Taken to court.…

A fun inter­view with Heimir Már Pétursson on TV2, filmed dur­ing my recent tour of Ice­land:

Ice­land TV 2 from Annie Machon on Vimeo.

Iceland Tour

Well, this will be an inter­est­ing week.  On the invit­a­tion of Snar­rot­in, the Iceland­ic civil liber­ties organ­isa­tion, I’m off to Ice­land for a series of talks and inter­views on behalf of Law Enforce­ment Against Pro­hib­i­tion (www​.leap​.cc).

Ice­land is an inspir­a­tion­al and inter­est­ing coun­try.  Fol­low­ing the 2008 cred­it crash, the Icelanders bucked inter­na­tion­al trends and actu­ally held some of their rul­ing élite — the politi­cians and bankers who had brought about these fin­an­cial prob­lems — to account.  The gov­ern­ment fell, some bankers were fired and pro­sec­uted, and the Iceland­ic people are hav­ing a ser­i­ous rethink about the way their demo­cracy could and should work.

And indeed why should the people pay the price for the decisions made in their name by an unac­count­able élite?  One could spe­ciously argue that the people had a mean­ing­ful choice at the bal­lot box.… but back in the real, 21st cen­tury polit­ic­al world, Ice­land was as stitched-up as all oth­er notion­al West­ern demo­cra­cies.  The worst alleg­a­tion that can be thrown at the people was that they were dis­en­gaged, unin­volved and side­lined from how their coun­try was really run — as many of us across the West feel to this day.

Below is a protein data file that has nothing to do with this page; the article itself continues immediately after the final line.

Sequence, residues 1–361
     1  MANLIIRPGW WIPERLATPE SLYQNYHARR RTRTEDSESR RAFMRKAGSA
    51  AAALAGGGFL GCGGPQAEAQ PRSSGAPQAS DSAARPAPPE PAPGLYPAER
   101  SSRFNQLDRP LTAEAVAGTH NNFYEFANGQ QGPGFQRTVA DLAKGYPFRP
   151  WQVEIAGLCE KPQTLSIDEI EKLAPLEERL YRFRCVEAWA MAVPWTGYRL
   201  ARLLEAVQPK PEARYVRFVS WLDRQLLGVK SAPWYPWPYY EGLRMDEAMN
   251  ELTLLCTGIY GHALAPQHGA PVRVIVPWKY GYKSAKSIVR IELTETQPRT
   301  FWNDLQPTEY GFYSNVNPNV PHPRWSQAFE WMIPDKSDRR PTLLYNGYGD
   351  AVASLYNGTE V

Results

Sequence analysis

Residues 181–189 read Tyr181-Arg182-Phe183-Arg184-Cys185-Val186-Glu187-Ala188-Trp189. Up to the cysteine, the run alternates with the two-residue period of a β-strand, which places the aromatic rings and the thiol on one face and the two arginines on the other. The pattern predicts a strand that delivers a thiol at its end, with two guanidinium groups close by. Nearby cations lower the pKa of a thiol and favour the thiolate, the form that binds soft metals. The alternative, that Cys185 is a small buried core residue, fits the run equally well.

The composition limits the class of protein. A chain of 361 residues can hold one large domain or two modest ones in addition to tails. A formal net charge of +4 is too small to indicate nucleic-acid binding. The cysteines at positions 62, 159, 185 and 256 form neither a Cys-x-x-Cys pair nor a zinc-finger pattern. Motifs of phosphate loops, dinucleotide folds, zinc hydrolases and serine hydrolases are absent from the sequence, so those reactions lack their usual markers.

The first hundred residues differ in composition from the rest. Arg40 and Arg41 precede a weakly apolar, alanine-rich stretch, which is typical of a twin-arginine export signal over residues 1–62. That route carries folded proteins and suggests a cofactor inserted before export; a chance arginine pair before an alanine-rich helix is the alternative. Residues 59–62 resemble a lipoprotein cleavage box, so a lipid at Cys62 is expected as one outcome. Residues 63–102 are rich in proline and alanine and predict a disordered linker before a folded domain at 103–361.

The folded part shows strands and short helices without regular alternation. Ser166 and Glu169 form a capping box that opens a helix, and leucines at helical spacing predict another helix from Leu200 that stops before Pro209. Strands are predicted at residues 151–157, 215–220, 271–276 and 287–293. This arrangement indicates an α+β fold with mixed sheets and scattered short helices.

But appar­ently no longer in Ice­land: since the fin­an­cial crisis the cit­izens of this small demo­cracy have re-engaged in the polit­ic­al pro­cess, and the future is look­ing rosy.

New, account­able politi­cians have been elec­ted to form a new gov­ern­ment. Cit­izens have been involved in draw­ing up a new con­sti­tu­tion, and heated debates are chal­len­ging the estab­lished shib­boleths of the cor­por­at­ist gov­ern­ing class: revolving around such issues as fin­ance, inter­net freedoms, free media, ter­ror­ism, and how a mod­ern coun­try should be run in the interest of the many. And next week, I hope, a rethink of the country’s oblig­a­tions to the inter­na­tion­al “war on drugs”.

While the issue is strenu­ously ignored by the West­ern gov­ern­ing élite, it is now widely recog­nised that the cur­rent pro­hib­i­tion strategy has failed out­right: drug traf­fick­ing and use has increased, the street price of drugs has plummeted and they are endem­ic­ally avail­able, whole com­munit­ies have been imprisoned, whole coun­tries have become narco-states and des­cen­ded into drug war viol­ence, and the only people to profit are the organ­ised crime car­tels and ter­ror­ist organ­isa­tions that reap vast profits. Oh, and of course the banks kept afloat with dirty drug money, the mil­it­ar­ised drug enforce­ment agen­cies, and the politi­cians who now, hypo­crit­ic­ally, want to look “tough on crime” des­pite alleg­a­tions that they also dabbled in their youth.….